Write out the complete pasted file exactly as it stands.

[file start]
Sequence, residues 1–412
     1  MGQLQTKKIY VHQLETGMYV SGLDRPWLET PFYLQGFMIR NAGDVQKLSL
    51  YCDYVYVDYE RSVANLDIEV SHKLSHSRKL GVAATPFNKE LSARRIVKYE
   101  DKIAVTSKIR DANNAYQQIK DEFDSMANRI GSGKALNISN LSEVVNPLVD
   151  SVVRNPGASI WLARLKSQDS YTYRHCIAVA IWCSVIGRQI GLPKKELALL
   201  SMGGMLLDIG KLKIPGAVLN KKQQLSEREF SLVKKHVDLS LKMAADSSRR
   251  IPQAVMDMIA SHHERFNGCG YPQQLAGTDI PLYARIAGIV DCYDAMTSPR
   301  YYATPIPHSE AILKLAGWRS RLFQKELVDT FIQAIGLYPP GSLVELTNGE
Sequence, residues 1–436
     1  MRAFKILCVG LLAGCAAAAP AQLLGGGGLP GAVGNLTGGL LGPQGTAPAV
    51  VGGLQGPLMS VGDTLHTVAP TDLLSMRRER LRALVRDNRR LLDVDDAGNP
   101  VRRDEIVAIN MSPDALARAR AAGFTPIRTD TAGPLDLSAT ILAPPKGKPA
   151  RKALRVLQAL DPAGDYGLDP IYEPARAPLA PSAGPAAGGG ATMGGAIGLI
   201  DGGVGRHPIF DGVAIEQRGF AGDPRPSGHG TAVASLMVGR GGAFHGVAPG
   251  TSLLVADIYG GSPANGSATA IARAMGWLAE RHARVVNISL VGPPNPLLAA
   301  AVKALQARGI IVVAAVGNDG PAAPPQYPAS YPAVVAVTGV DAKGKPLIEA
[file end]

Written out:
Sequence, residues 1–412
     1  MGQLQTKKIY VHQLETGMYV SGLDRPWLET PFYLQGFMIR NAGDVQKLSL
    51  YCDYVYVDYE RSVANLDIEV SHKLSHSRKL GVAATPFNKE LSARRIVKYE
   101  DKIAVTSKIR DANNAYQQIK DEFDSMANRI GSGKALNISN LSEVVNPLVD
   151  SVVRNPGASI WLARLKSQDS YTYRHCIAVA IWCSVIGRQI GLPKKELALL
   201  SMGGMLLDIG KLKIPGAVLN KKQQLSEREF SLVKKHVDLS LKMAADSSRR
   251  IPQAVMDMIA SHHERFNGCG YPQQLAGTDI PLYARIAGIV DCYDAMTSPR
   301  YYATPIPHSE AILKLAGWRS RLFQKELVDT FIQAIGLYPP GSLVELTNGE
Sequence, residues 1–436
     1  MRAFKILCVG LLAGCAAAAP AQLLGGGGLP GAVGNLTGGL LGPQGTAPAV
    51  VGGLQGPLMS VGDTLHTVAP TDLLSMRRER LRALVRDNRR LLDVDDAGNP
   101  VRRDEIVAIN MSPDALARAR AAGFTPIRTD TAGPLDLSAT ILAPPKGKPA
   151  RKALRVLQAL DPAGDYGLDP IYEPARAPLA PSAGPAAGGG ATMGGAIGLI
   201  DGGVGRHPIF DGVAIEQRGF AGDPRPSGHG TAVASLMVGR GGAFHGVAPG
   251  TSLLVADIYG GSPANGSATA IARAMGWLAE RHARVVNISL VGPPNPLLAA
   301  AVKALQARGI IVVAAVGNDG PAAPPQYPAS YPAVVAVTGV DAKGKPLIEA